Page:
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Australian Defence Force Suicide Prevention Program (ADF SPP)

From http://www.defence.gov.au/health/DMH/i-spp.htm

Optimal mental health is a key component in maintaining the overall capability of the Australian Defence Force. Defence recognises the importance that mental health plays in a Defence member's overall wellbeing and is committed to promoting positive mental health. 

A Defence member's reactive stress to factors (such as interpersonal trauma, vocational, financial, and/or legal difficulties) can precipitate suicide, self harm, or harm to others. Suicide and self harm behaviour can also be associated with a number of psychiatric disorders including depressive and personality disorders and substance misuse.

Josh Wallace's insight:

This guide is available in a book or pdf format, and its a good thing too. I believe the Australian Defense Force Suicide Prevention Program is vital for military life. Military life is one of the most mentally demanding, draining and traumatizing occupations there is. This guide is divided into four levels,  ranging from a humble introductory course, to clinical suicide assessment training. Suicide is not always obvious and expected, I believe everybody should read the guide for the own personal benefit.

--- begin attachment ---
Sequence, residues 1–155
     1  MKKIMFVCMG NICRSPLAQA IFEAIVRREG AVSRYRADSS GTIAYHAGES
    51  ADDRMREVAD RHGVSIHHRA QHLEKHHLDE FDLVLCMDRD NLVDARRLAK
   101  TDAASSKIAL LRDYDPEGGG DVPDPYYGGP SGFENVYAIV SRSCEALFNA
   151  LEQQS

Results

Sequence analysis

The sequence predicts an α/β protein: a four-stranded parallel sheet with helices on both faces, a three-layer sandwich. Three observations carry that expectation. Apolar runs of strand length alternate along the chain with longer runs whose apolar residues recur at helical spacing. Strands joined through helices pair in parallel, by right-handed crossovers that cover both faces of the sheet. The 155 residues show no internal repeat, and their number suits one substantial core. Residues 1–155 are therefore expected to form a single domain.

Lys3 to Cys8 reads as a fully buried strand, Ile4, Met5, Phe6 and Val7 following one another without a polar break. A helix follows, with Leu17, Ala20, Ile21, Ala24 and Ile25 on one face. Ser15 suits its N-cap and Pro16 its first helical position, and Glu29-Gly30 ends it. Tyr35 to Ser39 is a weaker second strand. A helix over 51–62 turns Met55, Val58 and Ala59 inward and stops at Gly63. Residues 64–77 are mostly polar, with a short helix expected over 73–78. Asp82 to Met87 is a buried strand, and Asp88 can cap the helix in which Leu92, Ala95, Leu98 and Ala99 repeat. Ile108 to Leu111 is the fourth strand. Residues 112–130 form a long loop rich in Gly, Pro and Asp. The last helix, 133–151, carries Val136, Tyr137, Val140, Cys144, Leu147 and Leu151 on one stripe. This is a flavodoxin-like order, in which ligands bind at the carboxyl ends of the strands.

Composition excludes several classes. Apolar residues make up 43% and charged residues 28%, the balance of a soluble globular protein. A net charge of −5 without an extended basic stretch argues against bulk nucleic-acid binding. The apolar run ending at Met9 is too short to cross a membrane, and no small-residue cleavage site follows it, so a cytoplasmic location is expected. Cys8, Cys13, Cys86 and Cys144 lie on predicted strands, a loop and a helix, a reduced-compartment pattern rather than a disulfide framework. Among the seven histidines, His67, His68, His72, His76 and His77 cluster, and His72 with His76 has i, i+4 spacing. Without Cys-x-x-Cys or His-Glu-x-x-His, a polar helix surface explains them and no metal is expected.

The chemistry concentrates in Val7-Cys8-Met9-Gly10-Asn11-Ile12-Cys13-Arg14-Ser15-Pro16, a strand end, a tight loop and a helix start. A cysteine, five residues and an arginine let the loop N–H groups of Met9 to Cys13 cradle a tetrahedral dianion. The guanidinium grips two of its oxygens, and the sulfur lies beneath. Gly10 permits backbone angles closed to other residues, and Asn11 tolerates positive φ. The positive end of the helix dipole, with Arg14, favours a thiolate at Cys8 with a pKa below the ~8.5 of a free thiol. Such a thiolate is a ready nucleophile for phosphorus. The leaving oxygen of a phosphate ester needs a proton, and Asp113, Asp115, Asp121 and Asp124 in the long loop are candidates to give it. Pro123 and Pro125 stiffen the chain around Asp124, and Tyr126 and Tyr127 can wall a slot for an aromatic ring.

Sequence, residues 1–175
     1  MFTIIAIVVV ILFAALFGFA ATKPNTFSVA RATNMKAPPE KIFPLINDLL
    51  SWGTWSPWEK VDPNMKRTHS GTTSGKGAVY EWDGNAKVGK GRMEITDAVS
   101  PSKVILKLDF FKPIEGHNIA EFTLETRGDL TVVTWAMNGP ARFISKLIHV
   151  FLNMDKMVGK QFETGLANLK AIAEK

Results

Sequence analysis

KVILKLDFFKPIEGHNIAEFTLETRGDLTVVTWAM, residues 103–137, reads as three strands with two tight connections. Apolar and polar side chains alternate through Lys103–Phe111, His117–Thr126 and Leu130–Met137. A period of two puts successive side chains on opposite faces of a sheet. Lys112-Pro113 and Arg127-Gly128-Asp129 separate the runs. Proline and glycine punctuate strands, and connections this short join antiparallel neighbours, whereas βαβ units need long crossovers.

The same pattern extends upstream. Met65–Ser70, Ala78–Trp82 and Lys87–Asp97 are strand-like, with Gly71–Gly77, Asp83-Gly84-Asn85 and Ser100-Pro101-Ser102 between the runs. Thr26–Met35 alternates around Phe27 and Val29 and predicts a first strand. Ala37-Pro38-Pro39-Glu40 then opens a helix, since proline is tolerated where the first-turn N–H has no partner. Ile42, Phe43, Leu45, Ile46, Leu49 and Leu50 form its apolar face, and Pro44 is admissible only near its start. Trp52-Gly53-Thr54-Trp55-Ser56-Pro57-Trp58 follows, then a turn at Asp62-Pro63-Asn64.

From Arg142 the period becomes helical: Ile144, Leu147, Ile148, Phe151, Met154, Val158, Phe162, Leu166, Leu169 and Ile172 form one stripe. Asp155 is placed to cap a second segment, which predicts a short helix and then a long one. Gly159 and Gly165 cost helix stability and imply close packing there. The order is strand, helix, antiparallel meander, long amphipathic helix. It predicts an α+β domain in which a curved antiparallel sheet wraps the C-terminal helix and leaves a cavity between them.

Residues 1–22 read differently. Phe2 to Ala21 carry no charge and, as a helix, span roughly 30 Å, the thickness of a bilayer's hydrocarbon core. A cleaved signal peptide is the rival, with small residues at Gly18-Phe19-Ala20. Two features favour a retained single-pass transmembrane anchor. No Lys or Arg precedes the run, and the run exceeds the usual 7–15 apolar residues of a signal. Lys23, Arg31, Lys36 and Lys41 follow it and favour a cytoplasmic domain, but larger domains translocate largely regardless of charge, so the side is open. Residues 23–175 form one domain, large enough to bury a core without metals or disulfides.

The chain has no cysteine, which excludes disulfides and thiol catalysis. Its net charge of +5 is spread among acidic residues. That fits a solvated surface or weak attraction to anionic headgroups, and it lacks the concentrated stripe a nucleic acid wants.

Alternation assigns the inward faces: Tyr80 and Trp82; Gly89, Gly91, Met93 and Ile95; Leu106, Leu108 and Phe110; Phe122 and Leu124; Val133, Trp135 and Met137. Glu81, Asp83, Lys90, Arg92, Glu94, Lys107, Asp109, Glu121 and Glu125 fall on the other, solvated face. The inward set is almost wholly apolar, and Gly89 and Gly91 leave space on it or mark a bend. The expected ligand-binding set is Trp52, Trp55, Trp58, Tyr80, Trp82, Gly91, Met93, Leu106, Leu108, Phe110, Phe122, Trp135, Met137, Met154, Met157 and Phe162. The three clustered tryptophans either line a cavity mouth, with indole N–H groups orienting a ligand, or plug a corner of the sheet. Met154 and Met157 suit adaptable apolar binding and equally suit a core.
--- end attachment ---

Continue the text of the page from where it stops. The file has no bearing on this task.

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Physical security management guidelines

From http://www.protectivesecurity.gov.au/physicalsecurity/Documents/Security-zones-and-risk-mitigation-control-measures.pdf

1.1 Purpose
The Australian Government physical security management guidelines—Security zones and risk mitigation
control measures provide guidance on achieving a consistent approach to determining physical security
controls in agency facilities.
They aid agencies to protect their people, information and physical assets.

Josh Wallace's insight:

This guidelines takes an extensive look into the physical security of any Australian government facilities, cargo and goods etc. and government employees. This guideline coincides with  Protective Security Policy Framework (PSPF). The guidelines are split into four big parts: risk mitigation and assurance measures,  the Security Zones methodology and requirements,  details of individual control measures, and  a checklist for agencies reviewing physical security measures. After reading the document, the person or solider should have a better understanding of risk withing Australian borders or overseas. They should be able to 'reduce the residual risks to an acceptable level to the agency, or where this is not possible, lower the 

likelihood of compromise, loss of availability, or loss of integrity as much as possible, then apply minimum controls determined by the business impact level of the compromise, loss of availability or loss of integrity of the information'.

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Cold Weather Injury Risk Analysis and Management in a Tasmanian Army Reserve Battalion

 From http://jmvh.org/article/cold-weather-injury-risk-analysis-and-management-in-a-tasmanian-army-reserve-battalion/

Abstract